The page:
You're looking down a concourse that is more than twice as long as Atlanta's tallest skyscraper is high. Gazing at just a fraction of the GWCC's 2.5 million square feet. At the inside of a building whose eight exhibition halls, which take up less than 40% of its total space, could contain five Nimitz-class aircraft carriers. At the edifice whose proportions convinced the International Olympic Committee that Billy Payne, the man who set out to bring the Games to Atlanta, wasn't the crock of delusions he may at first have appeared to be. And you ask a volunteer security guard—say, 38-year-old Elbert Green of Oklahoma City—where in hell you are, and he says, you tell me and then I'll tell you. "Have I been lost here?" says Green. "I be lost right now. Every time I have to go to the bathroom, I end up asking the fans where to go. This building swallows you up. Wish I had some popcorn to leave a trail so I could find my way back."
"What I do when I hire a new man," says Alan Davis, chief of the building's police force, "is hand him a canteen of water and say, 'I'll see you in 40 days and nights.' Each year after the Boy Scout convention, I have this fear of finding a Scout camped out somewhere in the building two weeks later, earning his badge for survival."
Odd, isn't it? People enter this building damp from the humidity, dumbstruck by the barrage of carny vendors, crushed from the overburdened transportation systems, unsettled by the security threat, but once they're inside, you can almost hear their collective sigh. It's the net effect of the building's towering ceilings and windows, the three-story waterfall, the trees and gardens, the 72° temperature, the wall-to-wall carpeting containing 70,000 miles of yarn, enough to circle the globe nearly three times. Hell, it feels like you're in history's biggest hotel atrium, not its busiest Olympic site. Why go back outside into the madness when you can catch nearly one fifth of the entire Olympics here? Why worry about running the Olympic marathon in a city this hot—why not run the Olympic marathon in here?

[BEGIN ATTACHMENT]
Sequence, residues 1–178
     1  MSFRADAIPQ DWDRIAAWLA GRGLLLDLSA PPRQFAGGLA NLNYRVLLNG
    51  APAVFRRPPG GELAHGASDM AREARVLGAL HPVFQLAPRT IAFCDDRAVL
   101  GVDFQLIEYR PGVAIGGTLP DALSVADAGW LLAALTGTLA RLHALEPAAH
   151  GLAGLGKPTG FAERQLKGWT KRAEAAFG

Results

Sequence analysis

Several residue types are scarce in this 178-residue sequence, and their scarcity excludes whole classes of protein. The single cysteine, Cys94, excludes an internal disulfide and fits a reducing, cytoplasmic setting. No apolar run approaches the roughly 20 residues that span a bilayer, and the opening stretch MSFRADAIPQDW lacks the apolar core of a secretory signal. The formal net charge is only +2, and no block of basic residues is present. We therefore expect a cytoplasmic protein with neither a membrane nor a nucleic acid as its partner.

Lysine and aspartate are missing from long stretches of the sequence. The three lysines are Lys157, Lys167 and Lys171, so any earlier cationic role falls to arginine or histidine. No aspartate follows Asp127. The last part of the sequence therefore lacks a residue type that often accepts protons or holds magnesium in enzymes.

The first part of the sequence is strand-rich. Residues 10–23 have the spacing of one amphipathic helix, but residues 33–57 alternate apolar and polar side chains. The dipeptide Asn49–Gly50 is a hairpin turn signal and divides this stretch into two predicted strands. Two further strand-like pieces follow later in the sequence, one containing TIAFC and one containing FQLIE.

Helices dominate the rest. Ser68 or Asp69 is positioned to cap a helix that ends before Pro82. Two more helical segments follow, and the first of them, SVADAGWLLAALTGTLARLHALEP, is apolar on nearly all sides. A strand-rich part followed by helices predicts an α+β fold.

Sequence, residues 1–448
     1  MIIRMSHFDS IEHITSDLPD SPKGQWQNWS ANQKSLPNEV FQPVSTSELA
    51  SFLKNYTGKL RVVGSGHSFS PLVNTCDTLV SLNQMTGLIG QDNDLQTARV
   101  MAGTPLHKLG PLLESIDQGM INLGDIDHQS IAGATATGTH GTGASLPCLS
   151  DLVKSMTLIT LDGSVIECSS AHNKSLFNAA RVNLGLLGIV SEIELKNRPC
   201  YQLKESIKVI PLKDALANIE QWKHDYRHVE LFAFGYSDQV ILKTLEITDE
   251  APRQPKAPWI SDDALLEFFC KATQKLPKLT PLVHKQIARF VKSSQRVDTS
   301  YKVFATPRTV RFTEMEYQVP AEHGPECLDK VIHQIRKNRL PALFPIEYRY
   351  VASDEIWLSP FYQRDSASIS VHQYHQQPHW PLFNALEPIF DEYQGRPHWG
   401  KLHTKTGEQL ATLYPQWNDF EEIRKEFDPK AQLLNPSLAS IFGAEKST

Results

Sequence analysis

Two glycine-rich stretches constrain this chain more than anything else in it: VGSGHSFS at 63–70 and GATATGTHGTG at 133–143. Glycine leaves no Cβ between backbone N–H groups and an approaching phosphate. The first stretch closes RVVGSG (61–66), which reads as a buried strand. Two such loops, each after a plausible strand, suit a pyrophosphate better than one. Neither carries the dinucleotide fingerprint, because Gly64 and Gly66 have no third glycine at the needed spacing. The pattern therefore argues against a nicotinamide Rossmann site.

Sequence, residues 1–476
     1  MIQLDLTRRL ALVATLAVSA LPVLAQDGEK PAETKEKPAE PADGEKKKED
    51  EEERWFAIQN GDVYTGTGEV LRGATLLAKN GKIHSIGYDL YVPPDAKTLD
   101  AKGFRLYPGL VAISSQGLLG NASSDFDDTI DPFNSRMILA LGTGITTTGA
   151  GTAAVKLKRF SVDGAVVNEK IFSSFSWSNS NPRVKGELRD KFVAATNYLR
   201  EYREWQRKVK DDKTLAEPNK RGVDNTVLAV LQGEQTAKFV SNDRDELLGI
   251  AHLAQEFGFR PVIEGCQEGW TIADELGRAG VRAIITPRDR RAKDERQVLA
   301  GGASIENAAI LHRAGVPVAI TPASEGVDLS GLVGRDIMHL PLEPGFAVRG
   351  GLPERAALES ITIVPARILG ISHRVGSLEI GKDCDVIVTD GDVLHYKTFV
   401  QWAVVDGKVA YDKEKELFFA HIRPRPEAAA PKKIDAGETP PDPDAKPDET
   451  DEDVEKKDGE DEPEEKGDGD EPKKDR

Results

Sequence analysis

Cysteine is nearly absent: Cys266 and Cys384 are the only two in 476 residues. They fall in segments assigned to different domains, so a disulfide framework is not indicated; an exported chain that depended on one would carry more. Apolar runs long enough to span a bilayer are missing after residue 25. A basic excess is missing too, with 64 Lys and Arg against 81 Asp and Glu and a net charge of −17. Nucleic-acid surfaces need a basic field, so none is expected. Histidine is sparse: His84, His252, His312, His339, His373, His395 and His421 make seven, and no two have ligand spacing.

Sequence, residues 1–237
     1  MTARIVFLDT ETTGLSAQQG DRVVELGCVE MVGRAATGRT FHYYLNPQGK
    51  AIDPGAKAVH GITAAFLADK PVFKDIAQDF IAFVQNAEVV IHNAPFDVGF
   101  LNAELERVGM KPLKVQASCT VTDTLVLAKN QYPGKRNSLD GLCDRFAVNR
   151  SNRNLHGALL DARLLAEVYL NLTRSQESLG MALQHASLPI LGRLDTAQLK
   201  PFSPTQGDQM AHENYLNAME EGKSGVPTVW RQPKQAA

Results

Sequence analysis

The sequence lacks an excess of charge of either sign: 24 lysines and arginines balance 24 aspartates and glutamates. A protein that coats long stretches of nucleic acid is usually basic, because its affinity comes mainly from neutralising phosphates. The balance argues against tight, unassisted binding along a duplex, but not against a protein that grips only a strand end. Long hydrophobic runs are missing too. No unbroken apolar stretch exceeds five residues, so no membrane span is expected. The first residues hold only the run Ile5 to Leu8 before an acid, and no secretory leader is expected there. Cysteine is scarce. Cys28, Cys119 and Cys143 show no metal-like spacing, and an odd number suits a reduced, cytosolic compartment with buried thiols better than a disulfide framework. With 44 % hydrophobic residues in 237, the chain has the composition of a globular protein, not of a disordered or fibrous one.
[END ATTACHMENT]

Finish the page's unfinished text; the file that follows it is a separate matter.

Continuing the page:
If your pockets are deep enough and your legs strong enough, you can race down the building's west-side concourse, poke your head into each hall and see, within the span of a few minutes, 16 Ping-Pongers ponging, 14 handballers handballing, 12 fencers fencing, four judokas judoing and one weightlifter lifting nearly a half-ton of iron above his head. Then you can race past the Southeast's largest ballroom, 76 meetings rooms, 10 restaurants, who-can-count-how-many kiosks, a gift shop, a business center, a FedEx office, a Delta Airlines office, a U.S. Postal Service center, an international telephone center and a Laundromat, going by way of the tunnel that burrows under the Norfolk Southern railway line...which places us in the building's east side, center for the 11,000 broadcast-media personnel from 164 organizations sending 3,000 hours of Olympics to 3.5 billion viewers. The TV broadcasting center alone, built on the floor of three joined exhibition halls strictly for the duration of the Games, is so large that street names had to be assigned in its labyrinth of passageways: Pierre de Coubertin Way, Lillehammer Lane and Sydney Street are just a few. But this being America, even 2.5 million square feet don't cut it, so plans are in the works to add another half-million square feet of exhibition space within the next five years.